The Uber of clinical trials? Uber itself wants to claim the title

("An UBER application is shown as cars dri" (CC BY 2.0) by Senator Mark Warner)

The rapid rise of ride-hailing juggernaut Uber has led to a slew of startups pitching themselves as the “Uber” of whichever industry they are aiming to disrupt. But in clinical trials things are playing out a little differently, notably because Uber itself is striving to claim the eponymous crown.

As MobiHealthNews reports, Uber and its ride-hailing app rival Lyft were both at DPharm Disruptive Innovation US to pitch themselves as the answer to one of the many enduring inefficiencies in clinical trials, namely the task of getting subjects to and from study sites. Clinical trials, and healthcare more broadly, spend considerable sums of money on transport for patients, but, as Uber and Lyft see it, the current system is flawed.

“We know that $6 billion are spent annually on healthcare transportation,” John Brownstein, CIO of Boston Children's Hospital and Uber's health advisor, said. “We have a massive number of no-shows and transportation plays a really critical role. And when you look specifically at clinical trials, we have major issues with dropouts and we know some of those are just about logistics, just about getting to those trial sites.”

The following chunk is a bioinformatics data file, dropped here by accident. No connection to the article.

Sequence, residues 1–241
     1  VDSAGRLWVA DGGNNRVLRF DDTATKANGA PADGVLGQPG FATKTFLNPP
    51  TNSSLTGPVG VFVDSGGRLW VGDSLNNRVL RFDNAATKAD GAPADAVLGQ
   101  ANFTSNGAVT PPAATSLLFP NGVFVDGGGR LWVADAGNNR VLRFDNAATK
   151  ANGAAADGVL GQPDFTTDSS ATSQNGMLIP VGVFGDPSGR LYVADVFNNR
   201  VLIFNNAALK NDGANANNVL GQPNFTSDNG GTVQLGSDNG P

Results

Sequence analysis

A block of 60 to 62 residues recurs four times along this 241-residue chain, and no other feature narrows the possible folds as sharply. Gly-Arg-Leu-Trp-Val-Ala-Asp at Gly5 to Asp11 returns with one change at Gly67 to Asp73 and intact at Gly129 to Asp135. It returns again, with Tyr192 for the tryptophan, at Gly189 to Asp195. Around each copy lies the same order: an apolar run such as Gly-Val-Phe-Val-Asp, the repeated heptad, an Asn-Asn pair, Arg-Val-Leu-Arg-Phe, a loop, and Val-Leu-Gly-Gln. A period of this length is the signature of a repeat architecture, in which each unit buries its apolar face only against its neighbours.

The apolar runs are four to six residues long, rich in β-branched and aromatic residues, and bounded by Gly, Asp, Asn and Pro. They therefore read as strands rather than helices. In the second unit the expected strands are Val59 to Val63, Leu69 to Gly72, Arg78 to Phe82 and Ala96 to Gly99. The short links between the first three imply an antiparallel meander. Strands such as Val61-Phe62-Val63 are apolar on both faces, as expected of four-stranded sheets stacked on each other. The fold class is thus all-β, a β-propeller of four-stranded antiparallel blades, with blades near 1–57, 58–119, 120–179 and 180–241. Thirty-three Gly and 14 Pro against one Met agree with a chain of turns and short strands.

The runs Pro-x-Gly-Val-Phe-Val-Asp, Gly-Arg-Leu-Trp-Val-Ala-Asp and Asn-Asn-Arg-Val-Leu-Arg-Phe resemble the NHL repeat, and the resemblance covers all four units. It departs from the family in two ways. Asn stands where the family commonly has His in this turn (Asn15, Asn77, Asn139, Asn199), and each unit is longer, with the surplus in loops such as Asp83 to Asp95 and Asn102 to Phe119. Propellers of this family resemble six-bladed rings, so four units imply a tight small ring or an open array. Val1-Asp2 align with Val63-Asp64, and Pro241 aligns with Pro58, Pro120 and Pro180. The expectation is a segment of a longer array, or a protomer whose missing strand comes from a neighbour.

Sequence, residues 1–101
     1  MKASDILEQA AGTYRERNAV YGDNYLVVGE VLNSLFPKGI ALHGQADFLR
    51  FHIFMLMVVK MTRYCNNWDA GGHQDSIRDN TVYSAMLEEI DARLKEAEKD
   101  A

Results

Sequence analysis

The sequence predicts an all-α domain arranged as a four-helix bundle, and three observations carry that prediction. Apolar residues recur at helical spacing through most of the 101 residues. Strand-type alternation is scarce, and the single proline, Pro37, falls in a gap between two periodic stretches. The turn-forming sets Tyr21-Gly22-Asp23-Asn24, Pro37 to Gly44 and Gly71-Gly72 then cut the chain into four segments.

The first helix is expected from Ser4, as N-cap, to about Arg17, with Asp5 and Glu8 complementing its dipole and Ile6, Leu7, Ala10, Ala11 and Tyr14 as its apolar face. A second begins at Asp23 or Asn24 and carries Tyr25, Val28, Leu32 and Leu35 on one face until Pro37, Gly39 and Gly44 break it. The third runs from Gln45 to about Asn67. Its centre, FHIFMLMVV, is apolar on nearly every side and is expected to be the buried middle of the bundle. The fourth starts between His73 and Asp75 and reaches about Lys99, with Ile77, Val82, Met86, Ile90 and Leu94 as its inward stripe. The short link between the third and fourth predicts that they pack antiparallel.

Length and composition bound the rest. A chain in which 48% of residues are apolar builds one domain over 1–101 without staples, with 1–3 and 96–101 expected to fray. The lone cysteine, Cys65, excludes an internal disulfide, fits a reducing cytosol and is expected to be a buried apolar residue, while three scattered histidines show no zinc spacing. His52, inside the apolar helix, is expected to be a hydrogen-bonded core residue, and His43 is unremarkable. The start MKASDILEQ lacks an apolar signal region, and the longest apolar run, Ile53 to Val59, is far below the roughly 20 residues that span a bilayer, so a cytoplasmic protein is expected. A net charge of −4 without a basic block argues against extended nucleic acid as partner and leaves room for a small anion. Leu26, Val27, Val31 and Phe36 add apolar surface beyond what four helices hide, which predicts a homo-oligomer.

Brownstein’s stance is corroborated by independent research. When the National Research Council put together a panel to report on why dropout rates in Phase III can top 30%, the need for transport was cited as one of the main factors that can cause a subject to leave a study. Over the course of a lengthy trial, enthusiasm for participating in a trial can wane and the burden of getting to the site can grow to the extent that a subject drops out.

With a network of drivers and technology to track them in place, Uber and Lyft think they have a shot at making transport less burdensome and easier to monitor for subjects and sites. Uber, through its Circulation offshoot, and Lyft are both pitching systems that enable sites to book rides for patients and keep tabs on their progress to the site.

“It also lets you centralize billing, so they don’t necessarily need a smartphone. They can’t change the destination as well. You have more transparency and more datapoints around those patients,” Lyft Account Executive Omar Nagji said.

The scrap between Uber, Lyft and the splintered group of incumbents for the clinical trial transport sector is another subplot in a much larger battle. For Uber, the expansion into clinical trials is one of many ways it is trying to live up to its $62.5 billion valuation.